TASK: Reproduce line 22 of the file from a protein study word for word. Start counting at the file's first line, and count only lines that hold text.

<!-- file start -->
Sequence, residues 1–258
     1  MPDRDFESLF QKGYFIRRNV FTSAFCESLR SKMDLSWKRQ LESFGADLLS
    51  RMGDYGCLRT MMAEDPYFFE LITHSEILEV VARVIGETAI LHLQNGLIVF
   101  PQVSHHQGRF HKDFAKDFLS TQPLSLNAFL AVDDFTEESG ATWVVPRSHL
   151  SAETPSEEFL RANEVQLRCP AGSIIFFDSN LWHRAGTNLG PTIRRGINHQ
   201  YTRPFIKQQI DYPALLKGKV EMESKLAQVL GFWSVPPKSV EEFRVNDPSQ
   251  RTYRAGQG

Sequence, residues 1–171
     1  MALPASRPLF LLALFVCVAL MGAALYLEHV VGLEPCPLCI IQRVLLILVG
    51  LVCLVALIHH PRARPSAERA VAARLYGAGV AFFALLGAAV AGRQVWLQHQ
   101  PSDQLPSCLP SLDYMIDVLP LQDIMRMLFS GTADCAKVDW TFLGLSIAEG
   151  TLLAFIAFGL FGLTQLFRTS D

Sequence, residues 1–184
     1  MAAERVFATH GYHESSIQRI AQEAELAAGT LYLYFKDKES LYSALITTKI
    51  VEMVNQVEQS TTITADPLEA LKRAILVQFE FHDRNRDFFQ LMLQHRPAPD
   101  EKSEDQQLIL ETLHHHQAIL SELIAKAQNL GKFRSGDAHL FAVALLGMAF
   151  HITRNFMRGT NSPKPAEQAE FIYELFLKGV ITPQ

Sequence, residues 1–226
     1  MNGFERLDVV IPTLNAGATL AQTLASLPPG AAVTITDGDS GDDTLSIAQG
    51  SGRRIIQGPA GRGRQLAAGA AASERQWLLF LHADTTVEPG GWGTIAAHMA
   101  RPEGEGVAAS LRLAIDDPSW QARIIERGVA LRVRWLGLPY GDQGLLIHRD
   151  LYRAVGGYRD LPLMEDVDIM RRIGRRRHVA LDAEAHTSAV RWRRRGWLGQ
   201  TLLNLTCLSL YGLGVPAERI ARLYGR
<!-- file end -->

   151  LYRAVGGYRD LPLMEDVDIM RRIGRRRHVA LDAEAHTSAV RWRRRGWLGQ